My old friend Aaron (Thanks for lunch, BTW) made the point that frequency and brevity are both essential parts of blogging, and most of the literature I’ve found on the subject agrees whole-heartedly.  In that interest, I’m setting out here to post without my usual prep and polish time.  It’s not like there’s any shortage of topics I can cover;  I guess I’m just trying to get used to the idea of throwing up posts that are more opinion- and reaction-based, even if they end up being less than my usual standard of unrealistic quality.  (That is, of course, assuming you see any quality there in the first place.)

I’ve still got a big NSA-related piece in the works, but it’s grown in scope considerably along the way.  Hopefully the matter will still be in people’s minds by the time I finish.  At any rate, I suppose the Agency itself will be reading, so I’ve got that going for me…

#DTA!   ; )

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Here’s a quick update on the housing story from a couple of months back.  The incredible Yves Smith from (also incredible) Naked Capitalism has some data on the Phoenix area that took me a few tries to swallow:

Reader Scott sends us further confirmation by e-mail from his buddy George N, which he took from the website of Silver Bay Management Company:

 

Take a look at the number of houses for rent in Phoenix…The snap shot above was taken today [July 22nd] off of their website.

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The following is a snap shot I took on March 18, almost exactly 4 months ago.

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How the hell can they be making any money when there are so many empty houses cooking in the desert sun?

 

Just in case you had any doubts about the scale of stupidity at work here, several other markets (Vegas, Atlanta, parts of Texas and Florida) are displaying similar dynamics.  I mean, God for-fucking-fend some of that cash find its way to the parts of the economy that might actually need it!  Unfortunately, this is both a cause and consequence of the highly uneven wealth distribution in modern America, and that isn’t getting any better.

The big thing a lot of people forget about market mechanics is that they derive their accuracy (in terms of capital allocation) from aggregate intelligence.  Or, if you prefer English, that basically means that markets are “smarter” when they have more individual investors making decisions.  A hypothetical market made of 100 investors with $100 each is significantly more useful than a market of 10 investors with $1000, even though it’s the same size.  Squeezing out small and mid-sized investors may make the remaining companies wealthier and the investment process more “efficient,” but it also makes the market dumber in aggregate, and more likely to produce shitty overall outcomes.

Now, can anybody guess which way we’ve been headed for 30+ years?  All that Reaganomics and Objectivist philosophy is catching up with us, and the nation’s economic brain is rotting in its skull as a result.  How much uglier are we willing to see this get before we start demanding a better strategy?

(false) Start

"Story of my life, man..."

“Story of my life, man…”

“Sister Mary Francis!  What the hell happened in here?!”

— Benny the Cab, “Who Framed Roger Rabbit?”

This was supposed to be a blog on living with adult-diagnosed ADHD.  I’d had some additional blogs planned for a couple of other topics (namely, politics and economics).  Maybe, at some future juncture, I’ll re-partition my writing so that those disparate topics find their own spaces to call home, but for now, I only think I can produce enough content to support one of these things.  If the slew of scattershot ideas starts to get to you, I apologize.  You see, I have ADHD, and my brain isn’t particularly good splitting and grouping thoughts in a conventional way.  Instead, my thought process winds up looking like an out-of-proportion splatter-painted nightmare, like Pollack meets Picasso meets PCP.  Somehow, I’d imagine a non-curated blog of my various thoughts and concerns is going to come with a similar disorienting quality.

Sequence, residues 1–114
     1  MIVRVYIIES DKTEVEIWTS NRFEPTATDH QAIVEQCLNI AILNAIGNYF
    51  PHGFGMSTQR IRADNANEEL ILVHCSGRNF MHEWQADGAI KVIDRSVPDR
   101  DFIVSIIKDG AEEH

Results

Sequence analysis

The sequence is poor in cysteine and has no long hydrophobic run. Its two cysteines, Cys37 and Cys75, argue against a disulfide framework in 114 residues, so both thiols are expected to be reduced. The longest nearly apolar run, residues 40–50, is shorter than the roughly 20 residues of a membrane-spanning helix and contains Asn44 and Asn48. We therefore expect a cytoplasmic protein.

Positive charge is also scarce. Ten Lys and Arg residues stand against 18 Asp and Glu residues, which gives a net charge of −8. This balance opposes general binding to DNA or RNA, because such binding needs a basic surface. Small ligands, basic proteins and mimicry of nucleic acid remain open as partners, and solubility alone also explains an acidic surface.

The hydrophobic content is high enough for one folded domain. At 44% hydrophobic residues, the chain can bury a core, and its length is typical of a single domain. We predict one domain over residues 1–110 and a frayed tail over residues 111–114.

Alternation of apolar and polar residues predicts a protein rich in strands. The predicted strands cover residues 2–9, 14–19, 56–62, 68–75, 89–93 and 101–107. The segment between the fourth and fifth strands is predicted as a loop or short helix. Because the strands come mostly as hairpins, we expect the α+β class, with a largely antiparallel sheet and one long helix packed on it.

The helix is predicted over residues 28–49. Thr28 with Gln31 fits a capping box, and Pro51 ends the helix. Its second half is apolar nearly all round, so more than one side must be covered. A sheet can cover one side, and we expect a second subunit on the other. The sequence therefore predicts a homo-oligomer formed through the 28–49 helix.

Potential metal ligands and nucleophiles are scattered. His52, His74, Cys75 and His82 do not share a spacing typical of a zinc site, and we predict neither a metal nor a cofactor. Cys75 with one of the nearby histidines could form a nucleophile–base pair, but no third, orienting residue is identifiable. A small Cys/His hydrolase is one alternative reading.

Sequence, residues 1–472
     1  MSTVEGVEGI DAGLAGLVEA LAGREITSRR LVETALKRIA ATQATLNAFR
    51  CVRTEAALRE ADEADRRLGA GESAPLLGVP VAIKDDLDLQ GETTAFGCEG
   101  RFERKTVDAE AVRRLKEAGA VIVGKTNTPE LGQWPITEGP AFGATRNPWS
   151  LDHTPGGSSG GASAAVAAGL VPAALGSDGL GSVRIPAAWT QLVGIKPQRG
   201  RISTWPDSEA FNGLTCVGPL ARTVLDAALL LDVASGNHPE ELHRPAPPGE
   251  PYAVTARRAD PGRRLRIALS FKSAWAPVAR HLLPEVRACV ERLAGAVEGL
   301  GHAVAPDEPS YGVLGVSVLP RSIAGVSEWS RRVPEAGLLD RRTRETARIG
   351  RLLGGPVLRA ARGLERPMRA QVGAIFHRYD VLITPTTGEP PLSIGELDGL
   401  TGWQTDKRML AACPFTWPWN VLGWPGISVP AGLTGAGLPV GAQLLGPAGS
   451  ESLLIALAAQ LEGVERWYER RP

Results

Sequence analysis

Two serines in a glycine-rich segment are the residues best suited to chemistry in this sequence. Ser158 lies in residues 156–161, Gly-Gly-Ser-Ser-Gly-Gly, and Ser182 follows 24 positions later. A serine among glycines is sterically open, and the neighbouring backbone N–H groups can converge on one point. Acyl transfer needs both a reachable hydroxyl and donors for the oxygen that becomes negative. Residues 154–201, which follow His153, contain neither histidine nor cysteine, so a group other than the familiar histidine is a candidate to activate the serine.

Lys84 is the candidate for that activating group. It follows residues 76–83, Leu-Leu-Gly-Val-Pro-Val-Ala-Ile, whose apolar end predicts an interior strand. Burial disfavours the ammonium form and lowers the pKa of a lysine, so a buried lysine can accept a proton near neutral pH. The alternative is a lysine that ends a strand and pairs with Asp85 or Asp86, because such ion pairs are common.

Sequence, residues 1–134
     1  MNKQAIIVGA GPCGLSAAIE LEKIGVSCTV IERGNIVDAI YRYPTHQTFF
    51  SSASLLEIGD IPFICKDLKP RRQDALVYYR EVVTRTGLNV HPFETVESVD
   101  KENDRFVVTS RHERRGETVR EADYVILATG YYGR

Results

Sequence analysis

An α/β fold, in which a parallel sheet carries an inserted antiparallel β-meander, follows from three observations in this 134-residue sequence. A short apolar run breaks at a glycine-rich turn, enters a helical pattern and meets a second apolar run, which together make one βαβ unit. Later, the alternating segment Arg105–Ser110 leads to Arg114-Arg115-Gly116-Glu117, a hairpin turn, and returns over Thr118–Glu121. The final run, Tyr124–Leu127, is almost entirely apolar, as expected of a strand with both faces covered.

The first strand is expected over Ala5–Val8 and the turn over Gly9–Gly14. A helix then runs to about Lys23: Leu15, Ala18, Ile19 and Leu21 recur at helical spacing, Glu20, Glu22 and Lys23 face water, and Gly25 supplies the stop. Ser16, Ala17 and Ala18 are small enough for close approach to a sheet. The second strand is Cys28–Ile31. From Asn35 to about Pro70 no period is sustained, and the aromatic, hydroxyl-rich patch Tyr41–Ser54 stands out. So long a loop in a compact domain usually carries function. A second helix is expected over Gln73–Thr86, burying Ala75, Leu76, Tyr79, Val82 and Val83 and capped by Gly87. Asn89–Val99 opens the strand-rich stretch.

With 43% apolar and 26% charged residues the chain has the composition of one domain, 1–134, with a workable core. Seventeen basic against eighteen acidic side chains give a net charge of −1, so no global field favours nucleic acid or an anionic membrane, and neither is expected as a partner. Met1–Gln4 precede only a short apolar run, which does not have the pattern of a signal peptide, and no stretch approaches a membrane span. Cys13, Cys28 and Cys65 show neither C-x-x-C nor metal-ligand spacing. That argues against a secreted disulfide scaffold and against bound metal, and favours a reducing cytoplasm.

That said, I’ll at least try to tag things so it’s easier to filter just the posts you want.  Might take some practice;  your patience and any feedback you may have is greatly appreciated…

Alright, what say we get into this thing?  I suppose an introduction is in order.

Hello, my name is John, and I’m a bit of a lunatic.  Maybe “lunatic” is a strong word.  I’m what a mutual friend would politely describe as “an odd duck” after a mildly-traumatizing blind date.  I’ve never quite been all there, and I’m finally starting to work out a bit of why.  A strong mix of Predominantly-Inattentive ADHD and chronic depression is apparently a recipe for a particularly strange and sorry existence.  Don’t worry, I’ll save the sad details for therapy sessions.  Suffice it to say, things needed to improve.

And in all honesty, I think they have in the last few months.  I’ve picked up several new strategies for dealing with day-to-day challenges, and started to dig down to the roots of some of my more peculiar and damaging neuroses.  While I think it is a stretch to imply that potential readers would care much about me personally, I do think the story is interesting, surprising, and maybe even a little informative.  With some luck and persistence, I might be able to spin it into something readable, maybe even enjoyable…

But, I don’t want to get ahead of myself.  If you happen to find yourself with a powerful urge to learn more about ADHD, its non-hyperactive variant, or its surprising relationship to depression and highly self-destructive patterns of behavior and thought, stop back from time to time.  Or, you know, if you want to know what a barely-college-educated carpenter-cum-grocery-clerk thinks about econ or politics…

Let me put it this way:  If there’s one thing I’ve learned in the past months and years, it’s that you almost never find the difficult answers, the ones you really need, in the obvious places.  Give me a chance;  I might just surprise you.  I do it to myself all the time.